Team Postmortem: Chicago White Sox

Record: 63-99, -125 Run Differential

Summary: On the plus side, Ozzie Guillen isn't around anymore. On the negative side, this is a bad team. A bad team in a very competitive division. A bad team in a very competitive division with a horrible farm system. The immediate future of the White Sox isn't very bright, but at least their fans can enjoy watching Chris Sale pitch. Let's take a look.

Wednesday, November 6, 2013

Team Postmortem: Miami Marlins

Record: 62-100, -133 Run Differential

Summary: Oh boy. This team. It will come as no surprise that Miami was horrible again after unloading half their team to the Toronto Blue Jays, who were in Go For It Now mode (more on that when we get to them). Miami lost 100 games, after all. Miami certainly has more potential on the field than the Astros, but as we'll get to, there is far less reason for long term hope in the Marlins' case. First, let's look at the team on the field.

Monday, November 4, 2013

Team Postmortem: Houston Astros

Record: 51-111, -238 Run Differential

Summary: One of the biggest stories of last off-season, whether it got the most print or not, was the move of the Houston Astros to the American League. Teams change leagues rarely, so it was certainly interesting to see how the Astros fared in the transition. Unsurprisingly, not very well, posting their third consecutive 100+ loss season. They finished with a whopping -238 run differential, the worst such number since the 2010 Pirates. (To give you a sense of how uncommon this is, before that you had to go all the way back to the 2004 Arizona Diamondbacks.) So what went wrong?

Team Postmortems: An Introduction

Our first recurring feature here on Baseball Arcade will be the 2013 Team Postmortems. The genesis of the idea came about after I did my Games To Watch feature on the Penny Arcade Forums and went looking for off-season projects in a similar vein to keep the thread active. I remembered when, earlier in the season, I went on a rant on what a terrible GM Ruben Amaro, Jr is. TheScruple responded by saying he looked forward to my analysis on the 2014 Yankees. So I decided I could try my hand at breaking down all 30 MLB Clubs 2013 Seasons as well as their hopes going forward into 2014.

So, Who Am I and What's Going On Here?

So, just in case anyone should should stumble across this blog, I thought a quick word or two on what's going on here may be appropriate.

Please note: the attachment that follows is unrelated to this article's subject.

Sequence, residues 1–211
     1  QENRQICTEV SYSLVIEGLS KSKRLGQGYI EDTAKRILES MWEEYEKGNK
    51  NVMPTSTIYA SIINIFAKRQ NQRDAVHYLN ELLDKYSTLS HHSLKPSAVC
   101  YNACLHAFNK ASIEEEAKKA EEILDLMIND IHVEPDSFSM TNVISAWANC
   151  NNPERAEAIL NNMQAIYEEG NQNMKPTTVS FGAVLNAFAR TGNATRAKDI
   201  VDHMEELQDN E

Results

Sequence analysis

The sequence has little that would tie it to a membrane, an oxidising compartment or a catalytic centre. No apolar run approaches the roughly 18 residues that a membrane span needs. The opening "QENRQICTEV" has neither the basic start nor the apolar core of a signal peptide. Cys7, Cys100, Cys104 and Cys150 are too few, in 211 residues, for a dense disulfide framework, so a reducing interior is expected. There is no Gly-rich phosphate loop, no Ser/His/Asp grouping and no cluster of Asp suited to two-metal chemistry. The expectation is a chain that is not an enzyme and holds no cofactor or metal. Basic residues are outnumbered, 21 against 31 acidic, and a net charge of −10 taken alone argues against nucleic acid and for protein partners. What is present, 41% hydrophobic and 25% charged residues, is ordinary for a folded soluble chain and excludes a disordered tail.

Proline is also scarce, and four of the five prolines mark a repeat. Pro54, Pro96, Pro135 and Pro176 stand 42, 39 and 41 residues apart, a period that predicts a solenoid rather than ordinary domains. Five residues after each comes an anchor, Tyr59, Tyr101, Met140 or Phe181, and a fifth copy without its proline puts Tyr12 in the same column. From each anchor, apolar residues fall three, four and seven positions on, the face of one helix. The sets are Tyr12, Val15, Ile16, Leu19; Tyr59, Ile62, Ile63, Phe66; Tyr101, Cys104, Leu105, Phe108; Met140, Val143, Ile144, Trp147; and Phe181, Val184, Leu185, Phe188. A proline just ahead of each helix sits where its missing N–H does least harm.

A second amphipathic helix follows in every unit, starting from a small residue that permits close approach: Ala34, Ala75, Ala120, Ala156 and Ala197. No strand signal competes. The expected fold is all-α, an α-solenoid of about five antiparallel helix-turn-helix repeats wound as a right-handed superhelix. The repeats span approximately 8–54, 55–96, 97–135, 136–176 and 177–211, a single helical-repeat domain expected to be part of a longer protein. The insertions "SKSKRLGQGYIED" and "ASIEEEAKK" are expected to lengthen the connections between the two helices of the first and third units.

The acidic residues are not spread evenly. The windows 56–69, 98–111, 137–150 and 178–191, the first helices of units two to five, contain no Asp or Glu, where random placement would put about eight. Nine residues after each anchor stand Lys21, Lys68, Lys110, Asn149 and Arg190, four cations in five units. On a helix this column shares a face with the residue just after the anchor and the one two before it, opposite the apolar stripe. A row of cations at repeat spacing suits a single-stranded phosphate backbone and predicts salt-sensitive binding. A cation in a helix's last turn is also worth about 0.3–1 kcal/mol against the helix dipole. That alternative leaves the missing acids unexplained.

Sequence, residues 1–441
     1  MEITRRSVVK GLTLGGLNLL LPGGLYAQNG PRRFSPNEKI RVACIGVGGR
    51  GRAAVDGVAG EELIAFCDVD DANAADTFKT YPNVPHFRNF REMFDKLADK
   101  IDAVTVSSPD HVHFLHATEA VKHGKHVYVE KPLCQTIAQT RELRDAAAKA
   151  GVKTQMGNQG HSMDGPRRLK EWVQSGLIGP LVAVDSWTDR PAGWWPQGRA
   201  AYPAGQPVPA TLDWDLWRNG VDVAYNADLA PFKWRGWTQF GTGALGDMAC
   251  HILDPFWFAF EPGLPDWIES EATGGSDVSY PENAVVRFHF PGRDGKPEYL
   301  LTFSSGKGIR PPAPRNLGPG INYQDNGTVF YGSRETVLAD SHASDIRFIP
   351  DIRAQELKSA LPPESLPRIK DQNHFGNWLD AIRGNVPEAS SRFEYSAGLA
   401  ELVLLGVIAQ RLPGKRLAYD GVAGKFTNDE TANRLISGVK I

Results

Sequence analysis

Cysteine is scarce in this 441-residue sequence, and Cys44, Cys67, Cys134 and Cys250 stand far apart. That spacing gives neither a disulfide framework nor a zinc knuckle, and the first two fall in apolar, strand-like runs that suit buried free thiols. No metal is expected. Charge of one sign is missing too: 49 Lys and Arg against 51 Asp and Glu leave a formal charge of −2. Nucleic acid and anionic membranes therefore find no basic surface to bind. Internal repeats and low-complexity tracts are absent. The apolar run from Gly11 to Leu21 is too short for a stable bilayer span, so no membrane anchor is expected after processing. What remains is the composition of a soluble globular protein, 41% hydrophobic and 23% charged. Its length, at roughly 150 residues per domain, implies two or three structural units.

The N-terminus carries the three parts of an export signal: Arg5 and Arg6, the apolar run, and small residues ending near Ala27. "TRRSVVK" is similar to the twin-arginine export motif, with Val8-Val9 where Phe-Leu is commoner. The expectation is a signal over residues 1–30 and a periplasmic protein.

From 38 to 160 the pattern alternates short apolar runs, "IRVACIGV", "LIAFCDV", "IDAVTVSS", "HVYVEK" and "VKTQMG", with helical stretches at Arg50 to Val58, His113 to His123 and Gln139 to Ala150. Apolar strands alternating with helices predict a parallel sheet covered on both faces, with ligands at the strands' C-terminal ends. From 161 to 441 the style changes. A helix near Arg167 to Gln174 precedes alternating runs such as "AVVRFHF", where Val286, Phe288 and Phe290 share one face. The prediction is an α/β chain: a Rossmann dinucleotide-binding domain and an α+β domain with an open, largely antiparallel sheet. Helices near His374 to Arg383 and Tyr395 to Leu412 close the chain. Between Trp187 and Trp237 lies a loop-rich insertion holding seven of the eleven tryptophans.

This blog is (or if you're reading in a future where I'm an incredible wealthy and successful blogger, it started as) a companion blog to the MLB Thread at the Penny Arcade Forums (Future Reader: Just how many PAXes are there now? 15? 28?). The short of it is, I started during the 2013 stretch run to write a daily set of Games To Watch, highlighting two games per day (Future Reader: At the time, there where only two leagues and we didn't have teams from other dimensions) and examining the pitchers involved. It was my first attempt to actually write about baseball and apply what meager knowledge of analysis I'd gained over the years. Turns out, I enjoyed myself and the readers seemed to enjoy it too! As such, I decided to start writing more content for the thread, in order to keep discussion flowing during the off-season, and quickly discovered that the post size limitations were a problem. The ever-wise Minor Incident suggested a blog, so here we are.

So, Baseball Arcade will be a home to my longer-form baseball musings and analysis, predominantly designed to foster discussion in the MLB Thread. (Future Readers: Little did I know the kind of Multimedia Empire I would be launching). Hopefully, we'll get some of the other thread denizens to chime in with guests posts and the like as well.

As for who I am? Well, you should know I'm a die-hard Boston Red Sox fan, but I'll try my best to keep that from biasing any writings on the AL East and, in particular, the New York Yankees (Future Readers: The Yankees were a ballclub that were notorious rivals of the Red Sox before they were contracted).